NEW BRUNSWICK, NJ—A newly-constructed fraternity house is opening in the Hub City for the first time in a long time.
The latest building built by controversial developer Construction Management Associates will become the home of Zeta Beta Tau, the world’s oldest and first Jewish fraternity.
Mayor James Cahill was in attendance at a ribbon-cutting ceremony held last month, as was Rutgers Greek affairs dean Joanne Arnholt.
Construction Management Associates co-founders Les Salamon and Mitch Broder also showed up for the ceremony. Their firm developed the property and more than a dozen others in the neighborhood over the past decade.
ZBT executive director Laurence Boletin said, “Zeta Beta Tau is thrilled to take this important step at Rutgers University by moving into this beautiful new home. Being the world’s first Jewish fraternity, with a 116 year history, we look forward to our rich tradition being an asset to the community.”
The three-floor, 18-bedroom Greek house replaces two earlier structures that stood on the site at the intersection of Sicard and Morrell Streets. One of those structures was described at the February 25, 2013 Zoning Board meeting as “an outdated single-family home.”
At the meeting, Planner Keenan Huges said, “Greek life is reviving but many are using informal houses for frats. The University has no plans to develop frats themselves,” according to the meeting minutes.
According to MyCentralJersey.com’s Keith Sargent, 10 years ago, there were 23 buildings zoned for use by roughly 35 fraternities and sororities on the Rutgers campus.
A handful of those fraternities were replaced with residential apartments developed by Construction Management and their affiliates.
Broder said that today only 17 homes are zoned for fraternity and sorority use, while the number of organizations has increased to 80.
Broder’s company has begun development on a dozen multi-unit buildings, all of them in New Brunswick, in just six years. They have also been generous contributors to the Mayor’s political campaigns, as we have reported previously.
The house fronts on Sicard Street, facing the rear of the Rutgers Student Center, and has a driveway accessible from Morrell St. in the rear, along with bicycle parking.
On the inside, the house has three floors and a basement. Two of the floors are bedroom floors, with eight or bedrooms and a single bathroom on each floor.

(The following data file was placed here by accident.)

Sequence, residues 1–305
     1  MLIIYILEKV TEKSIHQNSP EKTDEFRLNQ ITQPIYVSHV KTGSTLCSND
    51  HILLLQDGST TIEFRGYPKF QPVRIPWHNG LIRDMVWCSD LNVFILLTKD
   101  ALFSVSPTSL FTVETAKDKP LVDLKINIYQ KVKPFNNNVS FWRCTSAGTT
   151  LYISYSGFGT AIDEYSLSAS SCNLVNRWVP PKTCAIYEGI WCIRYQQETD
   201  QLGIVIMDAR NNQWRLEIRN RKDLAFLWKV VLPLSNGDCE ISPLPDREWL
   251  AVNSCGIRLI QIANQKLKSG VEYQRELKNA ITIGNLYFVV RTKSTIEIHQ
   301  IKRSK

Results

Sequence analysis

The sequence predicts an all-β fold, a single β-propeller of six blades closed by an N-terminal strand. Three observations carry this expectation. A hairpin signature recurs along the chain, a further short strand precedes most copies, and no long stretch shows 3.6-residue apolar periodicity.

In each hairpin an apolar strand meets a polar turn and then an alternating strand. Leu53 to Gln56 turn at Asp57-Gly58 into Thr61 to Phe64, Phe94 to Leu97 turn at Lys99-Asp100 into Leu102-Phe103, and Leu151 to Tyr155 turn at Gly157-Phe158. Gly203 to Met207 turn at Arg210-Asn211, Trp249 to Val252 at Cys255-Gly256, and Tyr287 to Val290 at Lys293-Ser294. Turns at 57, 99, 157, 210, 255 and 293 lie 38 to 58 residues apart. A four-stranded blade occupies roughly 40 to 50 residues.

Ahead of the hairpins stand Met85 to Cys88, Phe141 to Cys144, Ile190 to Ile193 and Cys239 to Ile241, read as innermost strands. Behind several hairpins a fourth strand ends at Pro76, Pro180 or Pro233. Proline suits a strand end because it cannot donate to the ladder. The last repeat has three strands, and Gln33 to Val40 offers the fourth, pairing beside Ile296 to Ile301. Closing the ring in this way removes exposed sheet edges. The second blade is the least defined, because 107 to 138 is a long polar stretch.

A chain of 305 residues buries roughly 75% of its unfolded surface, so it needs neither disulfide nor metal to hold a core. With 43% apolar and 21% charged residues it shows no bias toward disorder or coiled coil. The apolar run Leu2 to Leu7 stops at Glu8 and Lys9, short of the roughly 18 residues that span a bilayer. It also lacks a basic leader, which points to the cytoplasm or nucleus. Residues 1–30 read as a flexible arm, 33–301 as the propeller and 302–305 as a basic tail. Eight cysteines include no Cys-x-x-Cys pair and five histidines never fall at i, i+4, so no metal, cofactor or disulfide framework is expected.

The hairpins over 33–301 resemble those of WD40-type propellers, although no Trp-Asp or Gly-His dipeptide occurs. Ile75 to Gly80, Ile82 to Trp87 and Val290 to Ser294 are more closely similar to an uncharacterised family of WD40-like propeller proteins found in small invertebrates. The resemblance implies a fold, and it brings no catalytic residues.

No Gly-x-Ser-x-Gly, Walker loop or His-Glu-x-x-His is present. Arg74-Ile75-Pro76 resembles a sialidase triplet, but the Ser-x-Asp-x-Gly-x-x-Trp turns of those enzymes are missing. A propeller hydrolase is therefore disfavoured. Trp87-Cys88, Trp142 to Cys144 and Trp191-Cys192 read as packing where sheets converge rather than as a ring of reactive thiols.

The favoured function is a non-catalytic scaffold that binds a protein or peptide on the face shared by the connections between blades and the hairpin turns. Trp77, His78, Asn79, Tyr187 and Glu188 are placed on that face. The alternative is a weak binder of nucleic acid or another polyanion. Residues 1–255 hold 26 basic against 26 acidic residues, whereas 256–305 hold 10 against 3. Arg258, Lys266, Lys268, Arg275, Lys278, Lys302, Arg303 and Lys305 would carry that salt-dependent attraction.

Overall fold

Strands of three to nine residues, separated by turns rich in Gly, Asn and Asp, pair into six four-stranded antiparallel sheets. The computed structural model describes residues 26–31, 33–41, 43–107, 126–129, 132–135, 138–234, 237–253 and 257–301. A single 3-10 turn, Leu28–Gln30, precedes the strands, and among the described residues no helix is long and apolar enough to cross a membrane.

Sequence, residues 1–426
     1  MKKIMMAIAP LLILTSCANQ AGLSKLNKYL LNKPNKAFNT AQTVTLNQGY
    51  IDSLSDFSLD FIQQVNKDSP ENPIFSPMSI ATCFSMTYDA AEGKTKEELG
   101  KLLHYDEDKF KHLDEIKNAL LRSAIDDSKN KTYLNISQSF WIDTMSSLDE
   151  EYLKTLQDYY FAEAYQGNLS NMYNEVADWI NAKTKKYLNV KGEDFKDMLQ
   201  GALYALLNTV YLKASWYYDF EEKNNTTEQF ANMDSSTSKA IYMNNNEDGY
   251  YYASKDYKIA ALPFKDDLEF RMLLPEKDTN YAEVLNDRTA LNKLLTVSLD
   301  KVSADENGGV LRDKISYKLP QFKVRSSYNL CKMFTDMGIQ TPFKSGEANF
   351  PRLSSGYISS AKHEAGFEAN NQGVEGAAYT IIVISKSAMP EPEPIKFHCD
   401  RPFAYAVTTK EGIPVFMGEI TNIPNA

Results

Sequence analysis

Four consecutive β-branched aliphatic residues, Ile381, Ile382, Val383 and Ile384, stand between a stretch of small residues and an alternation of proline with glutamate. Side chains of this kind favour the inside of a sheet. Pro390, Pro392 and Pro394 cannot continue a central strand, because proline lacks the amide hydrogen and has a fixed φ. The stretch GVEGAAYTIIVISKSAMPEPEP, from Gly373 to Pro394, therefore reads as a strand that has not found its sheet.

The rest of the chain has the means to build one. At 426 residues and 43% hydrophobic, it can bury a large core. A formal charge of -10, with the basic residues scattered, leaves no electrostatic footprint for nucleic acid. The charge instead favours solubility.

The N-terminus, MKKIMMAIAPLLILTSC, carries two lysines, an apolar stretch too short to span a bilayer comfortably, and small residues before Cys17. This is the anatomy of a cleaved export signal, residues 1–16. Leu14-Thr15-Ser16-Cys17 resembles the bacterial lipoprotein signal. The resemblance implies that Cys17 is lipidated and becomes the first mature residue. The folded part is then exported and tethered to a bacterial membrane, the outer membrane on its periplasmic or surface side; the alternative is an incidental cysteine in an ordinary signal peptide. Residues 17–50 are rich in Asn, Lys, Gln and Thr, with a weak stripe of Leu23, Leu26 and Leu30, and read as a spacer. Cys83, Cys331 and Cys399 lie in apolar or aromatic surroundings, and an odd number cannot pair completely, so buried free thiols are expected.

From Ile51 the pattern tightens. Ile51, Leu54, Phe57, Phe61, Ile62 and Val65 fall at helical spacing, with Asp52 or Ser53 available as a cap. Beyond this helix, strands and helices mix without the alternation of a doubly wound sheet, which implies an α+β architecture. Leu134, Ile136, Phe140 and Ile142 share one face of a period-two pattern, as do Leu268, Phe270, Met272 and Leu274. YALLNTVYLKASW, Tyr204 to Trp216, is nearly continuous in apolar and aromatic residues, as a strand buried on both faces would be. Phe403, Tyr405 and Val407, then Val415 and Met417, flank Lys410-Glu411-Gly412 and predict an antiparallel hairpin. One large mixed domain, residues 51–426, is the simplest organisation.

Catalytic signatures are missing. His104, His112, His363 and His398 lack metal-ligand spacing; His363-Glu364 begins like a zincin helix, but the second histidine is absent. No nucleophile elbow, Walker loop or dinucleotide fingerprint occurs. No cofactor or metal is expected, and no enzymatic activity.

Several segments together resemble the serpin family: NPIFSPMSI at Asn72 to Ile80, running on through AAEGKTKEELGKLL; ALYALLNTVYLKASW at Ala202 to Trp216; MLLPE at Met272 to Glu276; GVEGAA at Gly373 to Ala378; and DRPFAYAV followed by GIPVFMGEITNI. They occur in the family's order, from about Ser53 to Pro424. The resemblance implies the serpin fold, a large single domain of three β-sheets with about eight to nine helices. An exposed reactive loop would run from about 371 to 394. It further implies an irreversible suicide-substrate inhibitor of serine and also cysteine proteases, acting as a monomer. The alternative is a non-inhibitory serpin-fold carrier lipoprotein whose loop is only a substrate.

The other two are public floors, although the first floor has a single wheelchair-accessible bedroom. A common area and a kitchen are on the first floor; an additional recreational area is in the basement, along with utilities.
Zeta Beta Tau has held a variety of addresses over the years, including 176 Easton Avenue, 94 Easton Avenue, 26 Union Street, and 10 Union Street.
The Beta Delta Chapter, which is the Rutgers chapter of Zeta Beta Tau, dates back to 1948. The chapter was defunct during the mid-90’s but later revived.
The old ZBT house at 26 Union Street burned down in 1993, shortly after the chapter had lost its formal status. The frat had already sold the property to the Zeta Tau Alpha sorority. Today, that sorority has a house of early 21st century vintage.
Richard researched transportation, land use, history, and other topics. Investigated site plans. Attended public meetings (planning board, zoning board, parking authority board of directors, City Council) to record and help determine what was discussed. Analyzed blueprints and site plans to determine what land uses sites would be put to. Photographed sites that would be affected by proposed projects, as well as sites involved in news events. Employed Sketchup CAD to visualize new land uses, such as buildings and structures. Critiqued and wrote articles in fast-paced work environment, writing before deadlines. Made judgments as to what constituted proper material to include in articles. Created a zoning map; am working on ways to show it to the public. Consulted vintage maps to determine historic land uses.